Wednesday, November 11, 2015

A Fascinating Event Study

I just read an absolutely fascinating event study, "The Power of the Street: Evidence from Egypt’s Arab Spring," by Daron Acemoglu, Tarek Hassan and Ahmed Tahoun (DHT). The paper is here. I'm looking forward to seeing the seminar later today.

[Abstract: During Egypt’s Arab Spring, unprecedented popular mobilization and protests brought down Hosni Mubarak’s government and ushered in an era of competition between three groups: elites associated with Mubarak’s National Democratic Party, the military, and the Islamist Muslim Brotherhood. Street protests continued to play an important role during this power struggle. We show that these protests are associated with differential stock market returns for firms connected to the three groups. Using daily variation in the number of protesters, we document that more intense protests in Tahrir Square are associated with lower stock market valuations for firms connected to the group currently in power relative to non-connected firms, but have no impact on the relative valuations of firms connected to other powerful groups. We further show that activity on social media may have played an important role in mobilizing protesters, but had no direct effect on relative valuations. According to our preferred interpretation, these events provide evidence that, under weak institutions, popular mobilization and protests have a role in restricting the ability of connected firms to capture excess rents.]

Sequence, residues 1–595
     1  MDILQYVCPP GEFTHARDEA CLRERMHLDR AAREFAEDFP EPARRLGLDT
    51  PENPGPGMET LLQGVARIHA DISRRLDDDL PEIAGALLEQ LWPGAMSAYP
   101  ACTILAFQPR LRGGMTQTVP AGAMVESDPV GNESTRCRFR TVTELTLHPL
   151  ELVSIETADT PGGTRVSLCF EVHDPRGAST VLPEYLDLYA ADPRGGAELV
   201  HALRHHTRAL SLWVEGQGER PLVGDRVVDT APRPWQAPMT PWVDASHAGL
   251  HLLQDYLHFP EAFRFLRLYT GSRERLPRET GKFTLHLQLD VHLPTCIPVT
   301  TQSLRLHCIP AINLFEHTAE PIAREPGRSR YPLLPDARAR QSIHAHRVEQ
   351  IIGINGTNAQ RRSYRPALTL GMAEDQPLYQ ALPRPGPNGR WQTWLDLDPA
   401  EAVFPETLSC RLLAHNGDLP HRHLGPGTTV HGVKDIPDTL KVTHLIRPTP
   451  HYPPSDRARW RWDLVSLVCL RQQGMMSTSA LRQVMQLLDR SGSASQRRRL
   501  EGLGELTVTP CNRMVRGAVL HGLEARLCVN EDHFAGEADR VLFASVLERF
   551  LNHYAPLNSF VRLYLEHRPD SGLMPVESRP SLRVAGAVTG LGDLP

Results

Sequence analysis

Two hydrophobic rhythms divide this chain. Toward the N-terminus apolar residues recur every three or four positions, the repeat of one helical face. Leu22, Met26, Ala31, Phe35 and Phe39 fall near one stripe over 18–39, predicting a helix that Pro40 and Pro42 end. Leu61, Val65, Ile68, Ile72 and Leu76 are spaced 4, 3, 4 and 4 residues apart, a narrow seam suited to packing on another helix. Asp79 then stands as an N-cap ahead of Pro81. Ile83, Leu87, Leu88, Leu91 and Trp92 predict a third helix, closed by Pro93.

When first reading DHT, I thought the authors might be unaware of the large finance literature on event studies, since they don't cite any of it. Upon closer reading, however, I see that they repeatedly use the term "standard event study," indicating awareness coupled with a view that the methodology is now so well known as to render a citation unnecessary, along the lines of "no need to cite Student every time you report a t-statistic."

Well, perhaps, although I'm certain that most economists, even thoroughly empirical economists -- indeed even econometricians! -- have no idea what an event study is.

Anyway, here's a bit of background for those who want some.

DHT-style event studies originated in finance. The idea is to fit a benchmark return model to pre-event data, and then to examine cumulative "abnormal" returns (assessed using the model fitted pre-event) in a suitable post-event window. Large abnormal returns indicate a large causal impact of the event under study. The idea is brilliant in its simplicity and power.

Like so many things in empirical finance, event studies trace to Gene Fama (in this case, with several other luminaries):

The adjustment of stock prices to new information
EF Fama, L Fisher, MC Jensen, R Roll - International economic review, 1969 - JSTOR

THERE IS an impressive body
of empirical evidence which indicates that successive price
changes in individual common stocks are very nearly independent. 2 Recent papers by
Mandelbrot [11] and Samuelson [16] show rigorously that independence of successive ...

For surveys, see:

The econometrics of event studies


Abstract: The number of published event studies exceeds 500, and the literature continues
 
to grow. We provide an overview of event study methods. Short-horizon methods are quite
reliable. While long-horizon methods have improved, serious limitations remain. A ...
Cited by 824 Related articles All 14 versions Cite Save More


Event studies in economics and finance

AC MacKinlay - Journal of economic literature, 1997
ECONOMISTS are frequently asked to measure the effects of an economic event on the 
value of firms. On the surface this seems like a difficult task, but a measure can be constructed easily using an event study. Using financial market data, an event study ...Cited by 3290 Related articles All 27 versions Web of Science: 499 Cite Save More
(Not much has changed since 2004, or for that matter, since 1997.)